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SCID is a group of very rare, life-threatening diseases that are present at birth. The disease causes the child to have very little or no immune system. As a result, the child's body is unable to fight off infections. This disease process is also known as the "boy in the bubble" syndrome, because living in the normal environment can prove fatal to these children.
Approximately one in 100,000 children are born with this inherited disease. These children become very ill with illnesses such as pneumonia, meningitis, and chickenpox and can die within the first year of their life. With new advances in treatments for these children, however, children with SCID can be successfully treated.
SCID is a group of inherited disorders. Many genetic defects can cause SCID. These defects reduce the ability of white cells in the blood to fight infection.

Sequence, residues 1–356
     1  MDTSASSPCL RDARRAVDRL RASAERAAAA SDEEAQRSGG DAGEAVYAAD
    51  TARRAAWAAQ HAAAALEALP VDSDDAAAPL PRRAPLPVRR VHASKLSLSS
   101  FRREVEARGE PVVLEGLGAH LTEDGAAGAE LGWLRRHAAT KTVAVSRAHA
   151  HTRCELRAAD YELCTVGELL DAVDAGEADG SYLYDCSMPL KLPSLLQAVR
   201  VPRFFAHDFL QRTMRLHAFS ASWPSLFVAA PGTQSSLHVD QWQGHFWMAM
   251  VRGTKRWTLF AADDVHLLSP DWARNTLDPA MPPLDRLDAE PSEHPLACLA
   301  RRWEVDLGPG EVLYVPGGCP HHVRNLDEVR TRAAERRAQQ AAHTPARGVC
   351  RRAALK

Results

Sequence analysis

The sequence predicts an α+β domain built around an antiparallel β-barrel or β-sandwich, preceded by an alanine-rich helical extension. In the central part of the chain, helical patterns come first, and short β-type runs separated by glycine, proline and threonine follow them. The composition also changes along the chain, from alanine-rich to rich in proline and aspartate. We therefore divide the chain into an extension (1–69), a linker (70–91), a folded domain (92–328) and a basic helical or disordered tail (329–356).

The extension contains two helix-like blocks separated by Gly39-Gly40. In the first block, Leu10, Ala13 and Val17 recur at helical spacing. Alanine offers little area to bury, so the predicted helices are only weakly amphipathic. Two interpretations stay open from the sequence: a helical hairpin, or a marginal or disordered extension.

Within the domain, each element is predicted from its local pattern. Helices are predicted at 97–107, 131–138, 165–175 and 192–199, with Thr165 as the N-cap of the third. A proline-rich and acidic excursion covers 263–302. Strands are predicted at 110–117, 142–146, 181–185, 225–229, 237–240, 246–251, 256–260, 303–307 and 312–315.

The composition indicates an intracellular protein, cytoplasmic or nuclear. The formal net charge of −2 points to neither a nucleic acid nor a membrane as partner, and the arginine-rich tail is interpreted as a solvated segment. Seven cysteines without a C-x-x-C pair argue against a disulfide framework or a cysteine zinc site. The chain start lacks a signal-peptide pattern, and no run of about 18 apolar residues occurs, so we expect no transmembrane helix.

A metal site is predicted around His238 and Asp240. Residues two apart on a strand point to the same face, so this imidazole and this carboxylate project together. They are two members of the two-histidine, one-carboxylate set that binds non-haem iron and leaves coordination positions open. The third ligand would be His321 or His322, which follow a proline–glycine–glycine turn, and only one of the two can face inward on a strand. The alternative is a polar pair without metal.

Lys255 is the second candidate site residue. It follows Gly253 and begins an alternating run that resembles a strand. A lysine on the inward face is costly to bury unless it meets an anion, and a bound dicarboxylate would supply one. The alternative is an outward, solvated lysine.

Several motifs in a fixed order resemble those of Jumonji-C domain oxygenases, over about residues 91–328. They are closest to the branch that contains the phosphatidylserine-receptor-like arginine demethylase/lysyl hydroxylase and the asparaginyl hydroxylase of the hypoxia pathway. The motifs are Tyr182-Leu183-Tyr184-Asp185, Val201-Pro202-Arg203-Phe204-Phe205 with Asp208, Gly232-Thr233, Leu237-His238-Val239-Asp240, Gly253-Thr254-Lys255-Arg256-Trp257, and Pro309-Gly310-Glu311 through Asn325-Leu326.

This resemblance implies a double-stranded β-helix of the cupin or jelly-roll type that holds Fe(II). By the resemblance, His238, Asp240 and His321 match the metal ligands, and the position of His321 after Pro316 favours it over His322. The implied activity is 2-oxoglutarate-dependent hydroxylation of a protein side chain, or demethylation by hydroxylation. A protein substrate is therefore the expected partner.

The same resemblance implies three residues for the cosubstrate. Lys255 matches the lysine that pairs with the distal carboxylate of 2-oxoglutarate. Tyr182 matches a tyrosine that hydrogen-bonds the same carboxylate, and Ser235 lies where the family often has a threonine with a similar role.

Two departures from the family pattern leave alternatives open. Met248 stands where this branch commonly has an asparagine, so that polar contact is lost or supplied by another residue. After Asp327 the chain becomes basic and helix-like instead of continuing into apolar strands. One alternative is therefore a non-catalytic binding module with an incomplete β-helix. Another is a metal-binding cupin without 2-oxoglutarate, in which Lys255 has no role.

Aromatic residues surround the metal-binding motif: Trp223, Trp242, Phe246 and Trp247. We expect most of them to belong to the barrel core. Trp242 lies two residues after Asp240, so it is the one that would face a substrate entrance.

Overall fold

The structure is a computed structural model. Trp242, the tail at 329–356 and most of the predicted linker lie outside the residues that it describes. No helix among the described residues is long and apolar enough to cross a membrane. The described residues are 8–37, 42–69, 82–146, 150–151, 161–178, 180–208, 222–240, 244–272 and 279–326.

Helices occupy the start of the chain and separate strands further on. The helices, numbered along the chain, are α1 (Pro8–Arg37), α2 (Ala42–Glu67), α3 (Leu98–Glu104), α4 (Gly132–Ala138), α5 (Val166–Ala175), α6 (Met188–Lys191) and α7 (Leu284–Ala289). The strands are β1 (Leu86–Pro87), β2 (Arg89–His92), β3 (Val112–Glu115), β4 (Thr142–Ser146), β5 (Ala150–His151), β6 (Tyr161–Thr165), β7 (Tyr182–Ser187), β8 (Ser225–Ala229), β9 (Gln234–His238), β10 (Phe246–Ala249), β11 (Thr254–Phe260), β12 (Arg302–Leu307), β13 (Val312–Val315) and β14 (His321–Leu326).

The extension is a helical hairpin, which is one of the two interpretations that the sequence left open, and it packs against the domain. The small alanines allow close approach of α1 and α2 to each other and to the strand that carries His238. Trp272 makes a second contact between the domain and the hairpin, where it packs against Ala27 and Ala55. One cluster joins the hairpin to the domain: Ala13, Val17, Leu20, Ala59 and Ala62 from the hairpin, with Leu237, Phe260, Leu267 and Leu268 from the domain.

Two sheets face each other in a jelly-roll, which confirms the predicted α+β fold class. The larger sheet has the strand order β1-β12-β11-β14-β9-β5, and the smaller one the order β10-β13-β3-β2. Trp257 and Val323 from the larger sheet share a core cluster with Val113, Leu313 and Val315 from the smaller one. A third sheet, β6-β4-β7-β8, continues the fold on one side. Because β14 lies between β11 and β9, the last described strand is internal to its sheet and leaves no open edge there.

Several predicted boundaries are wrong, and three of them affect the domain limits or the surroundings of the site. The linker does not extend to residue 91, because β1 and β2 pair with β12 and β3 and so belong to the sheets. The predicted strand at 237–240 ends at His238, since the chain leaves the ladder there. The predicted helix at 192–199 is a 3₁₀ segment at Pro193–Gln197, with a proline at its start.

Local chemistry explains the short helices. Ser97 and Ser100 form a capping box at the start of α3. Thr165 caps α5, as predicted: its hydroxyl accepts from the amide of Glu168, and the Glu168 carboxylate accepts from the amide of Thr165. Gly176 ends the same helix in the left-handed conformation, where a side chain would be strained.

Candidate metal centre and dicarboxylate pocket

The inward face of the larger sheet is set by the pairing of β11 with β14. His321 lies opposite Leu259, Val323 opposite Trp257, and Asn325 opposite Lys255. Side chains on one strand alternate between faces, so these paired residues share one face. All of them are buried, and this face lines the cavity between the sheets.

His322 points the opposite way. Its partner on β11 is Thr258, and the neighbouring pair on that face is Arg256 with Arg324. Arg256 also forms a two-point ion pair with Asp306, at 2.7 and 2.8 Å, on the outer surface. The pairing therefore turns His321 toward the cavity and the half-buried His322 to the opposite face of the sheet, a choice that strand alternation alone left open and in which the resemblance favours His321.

Symptoms of SCID usually become apparent within the first year. The following are the most common symptoms of SCID. However, each child may experience symptoms differently. Symptoms may include:
A diagnosis of SCID is usually made based on a complete medical history and physical examination of your child. In addition, multiple blood tests may be ordered to help confirm the diagnosis.
Specific treatment for SCID will be determined by your child's physician based on:
The best treatment for this disease is a bone marrow transplant (BMT), which, in most cases, would cure the problem. A bone marrow transplant involves taking cells that are normally found in the bone marrow (the soft, spongy tissue found inside the bones that is responsible for the development and storage of blood cells), and giving them back either to the patient or to another person. The goal of bone marrow transplantation is to infuse healthy bone marrow cells into a person after their own unhealthy bone marrow has been eliminated. BMT would help increase the sick child's immune system.
Other treatment options include giving the child injections to help boost the child's immune system, and treating each infection very promptly and accurately. In addition, researchers have had some success using gene therapy to treat SCID. However, gene therapy is still in the experimental stages.
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